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Open AccessArticle

Comparing Airborne Particulate Matter Intake Dose Assessment Models Using Low-Cost Portable Sensor Data

1
Department of Environmental Sciences, Jožef Stefan Institute, 1000 Ljubljana, Slovenia
2
Jožef Stefan International Postgraduate School, 1000 Ljubljana, Slovenia
3
Environmental Engineering Laboratory, Department of Chemical Engineering, Aristotle University of Thessaloniki, 54124 Thessaloniki, Greece
4
HERACLES Research Centre on the Exposome and Health, Center for Interdisciplinary Research and Innovation, 54124 Thessaloniki, Greece
5
University School of Advanced Study IUSS, 27100 Pavia, Italy
*
Author to whom correspondence should be addressed.
Sensors 2020, 20(5), 1406; https://doi.org/10.3390/s20051406
Received: 6 February 2020 / Revised: 27 February 2020 / Accepted: 2 March 2020 / Published: 4 March 2020
(This article belongs to the Special Issue Sensors for Air Quality Monitoring)
Low-cost sensors can be used to improve the temporal and spatial resolution of an individual’s particulate matter (PM) intake dose assessment. In this work, personal activity monitors were used to measure heart rate (proxy for minute ventilation), and low-cost PM sensors were used to measure concentrations of PM. Intake dose was assessed as a product of PM concentration and minute ventilation, using four models with increasing complexity. The two models that use heart rate as a variable had the most consistent results and showed a good response to variations in PM concentrations and heart rate. On the other hand, the two models using generalized population data of minute ventilation expectably yielded more coarse information on the intake dose. Aggregated weekly intake doses did not vary significantly between the models (6–22%). Propagation of uncertainty was assessed for each model, however, differences in their underlying assumptions made them incomparable. The most complex minute ventilation model, with heart rate as a variable, has shown slightly lower uncertainty than the model using fewer variables. Similarly, among the non-heart rate models, the one using real-time activity data has less uncertainty. Minute ventilation models contribute the most to the overall intake dose model uncertainty, followed closely by the low-cost personal activity monitors. The lack of a common methodology to assess the intake dose and quantifying related uncertainties is evident and should be a subject of further research. View Full-Text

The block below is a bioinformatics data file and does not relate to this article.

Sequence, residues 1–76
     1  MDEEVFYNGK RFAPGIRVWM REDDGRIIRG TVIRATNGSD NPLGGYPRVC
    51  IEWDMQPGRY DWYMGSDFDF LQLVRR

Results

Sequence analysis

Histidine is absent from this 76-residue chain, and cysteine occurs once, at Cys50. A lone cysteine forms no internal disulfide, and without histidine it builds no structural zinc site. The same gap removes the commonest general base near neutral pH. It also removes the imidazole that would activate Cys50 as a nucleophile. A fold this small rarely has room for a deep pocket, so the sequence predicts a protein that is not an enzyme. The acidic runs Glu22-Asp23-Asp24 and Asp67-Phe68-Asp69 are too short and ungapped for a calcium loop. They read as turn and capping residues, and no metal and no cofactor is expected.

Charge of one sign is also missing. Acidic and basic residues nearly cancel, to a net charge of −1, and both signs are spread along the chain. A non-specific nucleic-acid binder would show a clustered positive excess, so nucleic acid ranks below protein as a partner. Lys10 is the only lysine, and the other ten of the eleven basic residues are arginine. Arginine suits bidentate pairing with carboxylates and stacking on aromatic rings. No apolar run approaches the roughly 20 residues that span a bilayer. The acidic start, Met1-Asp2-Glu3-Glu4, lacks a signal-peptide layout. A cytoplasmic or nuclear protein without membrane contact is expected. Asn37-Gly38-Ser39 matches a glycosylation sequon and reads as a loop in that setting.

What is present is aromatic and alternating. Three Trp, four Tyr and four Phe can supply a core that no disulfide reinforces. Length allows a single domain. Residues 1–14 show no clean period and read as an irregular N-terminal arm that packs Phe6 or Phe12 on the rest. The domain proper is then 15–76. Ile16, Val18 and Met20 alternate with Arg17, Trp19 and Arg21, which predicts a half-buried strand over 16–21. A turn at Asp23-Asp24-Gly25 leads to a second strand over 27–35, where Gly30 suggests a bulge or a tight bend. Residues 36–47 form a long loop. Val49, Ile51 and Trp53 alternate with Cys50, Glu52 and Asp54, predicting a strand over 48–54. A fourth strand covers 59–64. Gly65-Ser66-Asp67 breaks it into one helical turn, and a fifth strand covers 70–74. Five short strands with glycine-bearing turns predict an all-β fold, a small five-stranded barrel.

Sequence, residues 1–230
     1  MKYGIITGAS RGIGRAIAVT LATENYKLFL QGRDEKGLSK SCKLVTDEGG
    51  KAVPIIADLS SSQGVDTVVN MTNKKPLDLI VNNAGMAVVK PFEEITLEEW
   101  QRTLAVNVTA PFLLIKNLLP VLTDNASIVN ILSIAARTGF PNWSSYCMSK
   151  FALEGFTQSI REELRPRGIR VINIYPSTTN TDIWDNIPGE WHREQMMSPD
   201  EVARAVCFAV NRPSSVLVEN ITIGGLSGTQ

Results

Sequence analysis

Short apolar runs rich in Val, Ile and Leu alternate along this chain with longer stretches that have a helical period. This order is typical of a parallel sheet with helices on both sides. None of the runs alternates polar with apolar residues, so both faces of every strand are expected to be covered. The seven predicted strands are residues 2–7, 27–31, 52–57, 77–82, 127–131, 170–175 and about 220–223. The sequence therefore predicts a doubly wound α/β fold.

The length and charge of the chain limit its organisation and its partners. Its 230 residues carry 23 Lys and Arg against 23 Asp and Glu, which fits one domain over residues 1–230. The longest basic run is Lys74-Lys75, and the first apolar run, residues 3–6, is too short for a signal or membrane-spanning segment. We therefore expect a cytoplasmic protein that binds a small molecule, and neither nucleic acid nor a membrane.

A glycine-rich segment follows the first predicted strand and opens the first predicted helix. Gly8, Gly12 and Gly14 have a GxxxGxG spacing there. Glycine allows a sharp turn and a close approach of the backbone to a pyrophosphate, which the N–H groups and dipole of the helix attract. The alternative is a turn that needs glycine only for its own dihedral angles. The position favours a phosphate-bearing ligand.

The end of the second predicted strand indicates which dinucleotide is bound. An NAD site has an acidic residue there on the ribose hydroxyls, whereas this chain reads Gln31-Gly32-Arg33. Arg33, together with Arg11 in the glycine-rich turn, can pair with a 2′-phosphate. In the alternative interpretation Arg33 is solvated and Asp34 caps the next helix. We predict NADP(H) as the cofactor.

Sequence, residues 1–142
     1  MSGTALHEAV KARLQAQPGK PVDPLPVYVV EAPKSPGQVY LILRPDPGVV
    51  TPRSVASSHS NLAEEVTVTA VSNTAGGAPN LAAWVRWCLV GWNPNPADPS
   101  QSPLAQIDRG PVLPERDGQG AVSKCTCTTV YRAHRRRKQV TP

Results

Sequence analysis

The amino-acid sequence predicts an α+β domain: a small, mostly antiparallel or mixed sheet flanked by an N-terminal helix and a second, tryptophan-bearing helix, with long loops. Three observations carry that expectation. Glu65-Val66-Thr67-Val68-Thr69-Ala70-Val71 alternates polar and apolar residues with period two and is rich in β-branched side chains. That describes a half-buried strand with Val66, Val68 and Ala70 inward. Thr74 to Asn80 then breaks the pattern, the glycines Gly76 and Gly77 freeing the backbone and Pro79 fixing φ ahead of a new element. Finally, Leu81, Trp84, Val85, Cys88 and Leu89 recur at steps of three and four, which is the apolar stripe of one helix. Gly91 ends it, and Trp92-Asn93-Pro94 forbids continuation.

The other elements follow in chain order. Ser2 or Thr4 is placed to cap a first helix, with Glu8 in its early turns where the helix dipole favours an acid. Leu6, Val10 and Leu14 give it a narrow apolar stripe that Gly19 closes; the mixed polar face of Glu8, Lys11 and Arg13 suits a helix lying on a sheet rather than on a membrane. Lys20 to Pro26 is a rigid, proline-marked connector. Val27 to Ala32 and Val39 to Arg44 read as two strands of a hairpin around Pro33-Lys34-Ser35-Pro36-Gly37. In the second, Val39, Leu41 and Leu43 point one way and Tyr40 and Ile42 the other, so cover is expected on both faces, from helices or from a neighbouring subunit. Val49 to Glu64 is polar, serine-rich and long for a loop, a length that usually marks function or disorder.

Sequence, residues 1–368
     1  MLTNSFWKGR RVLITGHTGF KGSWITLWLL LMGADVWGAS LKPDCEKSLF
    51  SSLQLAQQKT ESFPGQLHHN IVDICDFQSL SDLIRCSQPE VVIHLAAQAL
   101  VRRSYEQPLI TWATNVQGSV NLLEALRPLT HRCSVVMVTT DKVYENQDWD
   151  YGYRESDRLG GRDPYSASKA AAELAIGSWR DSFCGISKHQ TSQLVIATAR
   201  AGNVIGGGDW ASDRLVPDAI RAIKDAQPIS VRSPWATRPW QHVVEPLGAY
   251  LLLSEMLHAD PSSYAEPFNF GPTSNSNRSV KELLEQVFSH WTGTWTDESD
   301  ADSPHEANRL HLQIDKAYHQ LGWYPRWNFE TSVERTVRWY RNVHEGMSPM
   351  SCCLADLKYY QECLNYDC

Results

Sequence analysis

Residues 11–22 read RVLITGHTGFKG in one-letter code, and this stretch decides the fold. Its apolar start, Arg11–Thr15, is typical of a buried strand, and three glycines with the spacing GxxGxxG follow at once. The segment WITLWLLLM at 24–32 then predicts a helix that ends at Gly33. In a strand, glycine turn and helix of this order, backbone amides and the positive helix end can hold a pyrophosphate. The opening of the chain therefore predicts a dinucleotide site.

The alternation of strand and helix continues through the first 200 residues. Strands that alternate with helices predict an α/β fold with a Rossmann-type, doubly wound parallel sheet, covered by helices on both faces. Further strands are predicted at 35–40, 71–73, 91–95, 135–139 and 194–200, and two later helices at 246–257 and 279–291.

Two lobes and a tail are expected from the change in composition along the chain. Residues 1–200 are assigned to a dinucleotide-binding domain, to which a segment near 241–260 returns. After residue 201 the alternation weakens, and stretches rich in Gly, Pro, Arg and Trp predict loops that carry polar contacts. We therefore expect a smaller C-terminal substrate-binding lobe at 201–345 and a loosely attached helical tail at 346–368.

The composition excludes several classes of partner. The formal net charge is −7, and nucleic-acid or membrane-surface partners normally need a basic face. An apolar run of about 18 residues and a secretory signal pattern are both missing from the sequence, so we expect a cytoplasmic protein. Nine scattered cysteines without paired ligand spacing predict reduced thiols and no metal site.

Keywords: dose assessment; particulate matter; minute ventilation; low-cost sensors; uncertainty assessment dose assessment; particulate matter; minute ventilation; low-cost sensors; uncertainty assessment
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MDPI and ACS Style

Novak, R.; Kocman, D.; Robinson, J.A.; Kanduč, T.; Sarigiannis, D.; Horvat, M. Comparing Airborne Particulate Matter Intake Dose Assessment Models Using Low-Cost Portable Sensor Data. Sensors 2020, 20, 1406. https://doi.org/10.3390/s20051406

AMA Style

Novak R, Kocman D, Robinson JA, Kanduč T, Sarigiannis D, Horvat M. Comparing Airborne Particulate Matter Intake Dose Assessment Models Using Low-Cost Portable Sensor Data. Sensors. 2020; 20(5):1406. https://doi.org/10.3390/s20051406

Chicago/Turabian Style

Novak, Rok; Kocman, David; Robinson, Johanna A.; Kanduč, Tjaša; Sarigiannis, Dimosthenis; Horvat, Milena. 2020. "Comparing Airborne Particulate Matter Intake Dose Assessment Models Using Low-Cost Portable Sensor Data" Sensors 20, no. 5: 1406. https://doi.org/10.3390/s20051406

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